Growing as much as I can of my own food has been something I’ve always wanted to do, with varying success. Eating a meal of mostly home grown food is an enormous satisfaction!
Maybe it’s an atavistic thing, like a love of a warm fire, maybe it’s something I’ve inherited from Poppy, the grandfather whose house we lived in until I was ten. He kept a huge market garden, a home orchard, and kept hens and bees. At both the houses I’ve owned in Australia, I planted fruit trees and veggie gardens.
In London, even though I lived in a flat, I had a allotment, a wonderful British idea where people can rent a small plot of land from the local council to grow food. These were wonderful, people could have gardens for pleasure as well as just grow vegetables. I had an orchard, an asparagus bed, a lovely summer house so we could picnic there. It was my favourite place and I spent hours there most days. I even could have kept hens there if I’d wanted, except I worried about foxes too much and I wasn’t going to rescue a battery farmed hen only to have a fox maul her.
It broke my heart leaving that allotment behind when my boyfriend ended our relationship. I missed the allotment more than him. After all, he cheated on me, the allotment never did!
Unfortunately, the council where I moved took a far more puritanical view. Allotments were for growing vegetables and nothing else. No perennials. No fruit trees. No flowers. And the space allocated to allotments was a windswept plain with the heaviest imaginable clay soil, just too far away from home to comfortably walk there.
I didn’t grow any food plants for about ten years.
I moved in with my husband, to his tiny house and sad garden. A small patch of over mown lawn, a path worn across it by kids taking a short cut to the public foot path on the other side, a shrub stationed at each corner. No privacy, open on three sides. No beauty either. No chance of growing anything edible there. I wanted to fence it, but the local by-laws don’t allow fences. Everyone has them now, but back then my husband had a mortal fear of breaking rules and wouldn’t let me have a fence. A hedge was my only option. I chose hedging roses, and ordered bare rooted plants which arrived in the middle of winter. I have a photo from when I first planted the hedge- a row of what looks like dead sticks poking out through six inches of snow.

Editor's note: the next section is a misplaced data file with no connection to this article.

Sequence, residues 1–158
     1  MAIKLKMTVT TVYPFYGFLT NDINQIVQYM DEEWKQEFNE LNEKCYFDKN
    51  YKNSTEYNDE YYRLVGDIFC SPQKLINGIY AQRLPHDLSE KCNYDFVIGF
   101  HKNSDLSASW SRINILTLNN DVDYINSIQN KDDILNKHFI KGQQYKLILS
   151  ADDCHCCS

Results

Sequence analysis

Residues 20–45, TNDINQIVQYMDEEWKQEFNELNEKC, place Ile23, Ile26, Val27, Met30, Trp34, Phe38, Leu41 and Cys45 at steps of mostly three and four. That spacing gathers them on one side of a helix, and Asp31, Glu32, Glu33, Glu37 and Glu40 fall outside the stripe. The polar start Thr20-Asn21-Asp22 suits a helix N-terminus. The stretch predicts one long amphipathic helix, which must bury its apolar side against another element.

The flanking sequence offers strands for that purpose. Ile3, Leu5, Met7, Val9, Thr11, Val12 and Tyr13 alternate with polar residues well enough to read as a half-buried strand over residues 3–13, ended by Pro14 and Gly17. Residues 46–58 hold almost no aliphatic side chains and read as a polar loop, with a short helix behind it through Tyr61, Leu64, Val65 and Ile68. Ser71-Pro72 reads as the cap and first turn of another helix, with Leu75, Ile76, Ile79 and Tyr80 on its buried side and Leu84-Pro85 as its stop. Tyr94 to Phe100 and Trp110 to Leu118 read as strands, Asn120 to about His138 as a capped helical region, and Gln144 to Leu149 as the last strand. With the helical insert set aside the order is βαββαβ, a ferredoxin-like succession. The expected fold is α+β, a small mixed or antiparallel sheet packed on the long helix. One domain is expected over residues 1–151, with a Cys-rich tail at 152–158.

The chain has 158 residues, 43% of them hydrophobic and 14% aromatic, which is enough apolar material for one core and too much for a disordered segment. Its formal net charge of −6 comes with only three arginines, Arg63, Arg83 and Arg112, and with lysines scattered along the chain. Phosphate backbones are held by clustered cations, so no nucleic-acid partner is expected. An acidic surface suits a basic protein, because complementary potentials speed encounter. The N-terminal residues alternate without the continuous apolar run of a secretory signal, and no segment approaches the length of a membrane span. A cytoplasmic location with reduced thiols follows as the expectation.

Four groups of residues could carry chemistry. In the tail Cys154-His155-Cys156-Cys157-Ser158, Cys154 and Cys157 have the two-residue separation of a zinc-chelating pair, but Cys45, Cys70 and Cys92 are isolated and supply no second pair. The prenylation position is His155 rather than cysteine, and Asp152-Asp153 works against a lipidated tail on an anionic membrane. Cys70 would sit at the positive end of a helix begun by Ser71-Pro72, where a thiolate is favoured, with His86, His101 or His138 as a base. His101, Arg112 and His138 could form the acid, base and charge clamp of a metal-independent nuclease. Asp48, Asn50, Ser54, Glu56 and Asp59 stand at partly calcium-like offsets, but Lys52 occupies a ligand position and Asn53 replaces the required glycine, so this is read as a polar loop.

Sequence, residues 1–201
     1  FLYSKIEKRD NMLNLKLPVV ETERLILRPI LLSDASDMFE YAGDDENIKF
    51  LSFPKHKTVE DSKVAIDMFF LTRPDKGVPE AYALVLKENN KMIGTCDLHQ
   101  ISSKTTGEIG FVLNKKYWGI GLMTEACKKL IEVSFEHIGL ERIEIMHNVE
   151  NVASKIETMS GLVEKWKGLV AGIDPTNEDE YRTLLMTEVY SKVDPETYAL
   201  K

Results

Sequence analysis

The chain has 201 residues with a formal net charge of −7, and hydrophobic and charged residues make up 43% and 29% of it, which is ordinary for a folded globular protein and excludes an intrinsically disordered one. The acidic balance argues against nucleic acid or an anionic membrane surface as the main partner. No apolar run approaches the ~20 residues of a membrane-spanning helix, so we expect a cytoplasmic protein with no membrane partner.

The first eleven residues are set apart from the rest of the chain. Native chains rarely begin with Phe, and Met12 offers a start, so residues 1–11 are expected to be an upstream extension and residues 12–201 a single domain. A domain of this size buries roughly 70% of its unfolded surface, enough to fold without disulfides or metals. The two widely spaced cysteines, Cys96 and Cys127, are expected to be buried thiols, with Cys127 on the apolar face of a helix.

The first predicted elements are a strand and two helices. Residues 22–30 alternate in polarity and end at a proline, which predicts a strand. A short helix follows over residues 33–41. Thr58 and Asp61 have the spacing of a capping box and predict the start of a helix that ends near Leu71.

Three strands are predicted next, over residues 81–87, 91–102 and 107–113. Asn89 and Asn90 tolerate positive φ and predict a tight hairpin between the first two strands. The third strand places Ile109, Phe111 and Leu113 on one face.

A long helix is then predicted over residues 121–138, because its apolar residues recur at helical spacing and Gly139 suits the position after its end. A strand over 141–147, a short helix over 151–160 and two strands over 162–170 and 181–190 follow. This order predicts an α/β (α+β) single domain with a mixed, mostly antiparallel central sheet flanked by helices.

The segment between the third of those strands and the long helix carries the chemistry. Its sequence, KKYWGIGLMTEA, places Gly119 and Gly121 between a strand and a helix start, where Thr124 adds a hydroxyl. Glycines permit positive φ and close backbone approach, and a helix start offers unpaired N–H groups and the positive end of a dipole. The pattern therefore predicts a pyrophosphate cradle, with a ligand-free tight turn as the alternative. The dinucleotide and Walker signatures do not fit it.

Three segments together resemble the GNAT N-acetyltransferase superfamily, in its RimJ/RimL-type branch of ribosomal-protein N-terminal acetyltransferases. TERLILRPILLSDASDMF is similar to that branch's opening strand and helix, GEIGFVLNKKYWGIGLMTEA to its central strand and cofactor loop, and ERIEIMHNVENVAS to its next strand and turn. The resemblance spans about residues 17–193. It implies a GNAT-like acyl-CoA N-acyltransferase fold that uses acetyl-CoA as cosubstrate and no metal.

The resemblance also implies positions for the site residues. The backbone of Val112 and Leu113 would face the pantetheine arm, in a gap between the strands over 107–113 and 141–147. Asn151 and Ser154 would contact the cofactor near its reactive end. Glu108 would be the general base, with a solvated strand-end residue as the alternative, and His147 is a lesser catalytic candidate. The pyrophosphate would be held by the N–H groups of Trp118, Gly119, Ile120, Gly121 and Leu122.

Miraculously, the sticks sprouted in spring. Ten years later, the hedge has grown a bit.
It’s as tall as I am now. We have privacy in the garden, at least through three of the four seasons. All Spring and Summer it’s covered with gorgeous lightly scented flowers, in light pink, cerise, or white. Bees love them! Autumn, my favourite season, brings hips, up to an inch across. I’ve eaten a few straight off the bush, sweet enough with just an edge of tartness. I’ve never made rose hip syrup or jam, though I’d like to.
We dug a wildlife pond, and I convinced my husband to become enough of an outlaw to put in garden sheds. I planted herbs and flowers. But I never planted any food plants (also prohibited under the by-laws!), apart from my cherry tree. I’m not sure why. Not fear of breaking a ridiculous rule, that’s for sure. But the garden is so small. The north-west aspect is all wrong. My husband didn’t want me digging up any of his precious lawn for a veggie bed.